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s her company the remaining part of the 66 summer; which was granted, upon a pro" mise of her return at Michaelmas.”
Milton was too busy to much miss his wife : he pursued his studies; and now and then visited the Lady Margaret Leigh, whom he has mentioned in one of his sonnets. At last Michaelmas arrived; but the Lady had no inclination to return to the fullen gloom of her husband's habitation, and therefore very willingly forgot her promise. He sent her a letter, but had no answer; he sent more with the same success. It could be alledged that letters miscarry; he therefore dispatched a messenger, being by this time too angry to go himself. His messenger was sent back with some contempt. The family of the Lady were Cavaliers.
In a man whose opinion of his own merit was like Milton's, less provocation than this might have raised violent resentment. Milton foon determined to repudiate her for disobedience; and, being one of those who could easily find arguments to justify inclination, published (in 1644) The Doctrine and L 4
Discipline of Divorce ; which was followed by “I be Judgement of Martin Bucer, concerning Divorce; and the next year, his Tetrachor. don, Expositions upon the four chief Places of Scripture which treat of Marriage.
This innovation was opposed, as might be expected, by the clergy, who, then holding their famous assembly at Westminster, procured that the author should be called before the Lords ; “ but that House,” says Wood, “ whether approving the doctrine, or not “ favouring his accusers, did foon dismiss 66 him.”
There seems not to have been much written against him, nor any thing by any writer of eminence. The antagonist that appeared is styled by him, a Serving Man turned Solicitor. Howel in his letters mentions the new doctrine with contempt; and it was, I suppose, thought more worthy of derision than of confutation. He complains of this neglect in two sonnets, of which the first is contemptible, and the second not excellent.
From this time it is observed that he became an enemy to the Prefbyteria:s, whom he had favoured before. He that changes his party by his humour is not more virtuous than he that changes it by his interest; he loves himnfelf rather than truth.
His wife and her relations now found that Milton was not an unresisting sufferer of injuries; and perceiving that he had begun to put his doctrine in practice, by courting a young woman of great accomplishments, the daughter of one Doctor Davis, who was however not ready to comply, they resolved to endeavour a re-union. He went fometimes to the house of one Blackborough, his relation, in the lane of St. Martin's-le-Grand, and at one of his usual visits was surprised to see his wife come from another room, and implore forgiveness on her knees. He resisted her intreaties for a while : s6 but partly,” says Philips, « his own generous nature, more os inclinable to reconciliation than to perseve“ rance in anger or revenge, and partly the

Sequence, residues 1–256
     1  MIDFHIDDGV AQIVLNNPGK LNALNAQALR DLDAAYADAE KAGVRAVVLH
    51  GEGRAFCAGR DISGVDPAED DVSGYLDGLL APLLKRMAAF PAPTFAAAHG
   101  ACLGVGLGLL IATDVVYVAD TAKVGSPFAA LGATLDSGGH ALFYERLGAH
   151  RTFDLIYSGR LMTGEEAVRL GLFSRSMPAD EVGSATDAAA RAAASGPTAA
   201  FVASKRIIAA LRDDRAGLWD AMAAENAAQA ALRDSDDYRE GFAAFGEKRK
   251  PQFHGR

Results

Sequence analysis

strong intercession of friends on both sides, “ foon brought him to an act of oblivion and
66 a firm
“ a firm league of peace.” It were injurious to omit, that Milton afterwards received her father and her brothers in his own house, wlien they were distretsed, with other Royalifts.
He published about the same time his Areopagitica, a Speich of Mr. John Milton for the liberty of unlicensed Printing. The danger of such unbounded liberty, and the danger of bounding it, have produced a problem in the science of Government, which luman understanding seems liitherto unable to solve. If nothing may be published but what civil authority fhail have previously approved, power must always be the standard of truth; if every dreamer of innovations may propagate his projects, there can be no settlement; if every murmurer at government may diffufe discontent, there can be no peace; and if
every sceptick in thcology may teach his follies, there can be 10 religion. The remedy against these evils is to punish the authors; for it is yet allowed that every society may punish, though not prevent, the publication of opinions, which that fociety shall think pernicious; but this punishment,
though it may crush the author, promotes the book; and it seems not more reasonable to leave the right of printing unrestrained because writers may be afterwards censured, than it would be to sleep with doors unbolted, because by our laws we can hang a thief.
But whatever were his engagements, civil or domestic, poetry was never long out of his thoughts.
About this time (1645) a collection of his Latin and English poems appeared, in which the Allegro and Penferoso, with fome others, were first published.
He had taken a larger house in Barbican for the reception of scholars; but the numerous relations of his wife, to whom he generously granted refuge for a while, occupied his rooms. In time, however, they went away;
6 and the house again,” says Philips, “ now looked like a house of the Muses only,
though the accession of scholars was not
great. Possibly his having proceeded so far 4 in the education of youth may have been so the occasion of his adversaries calling him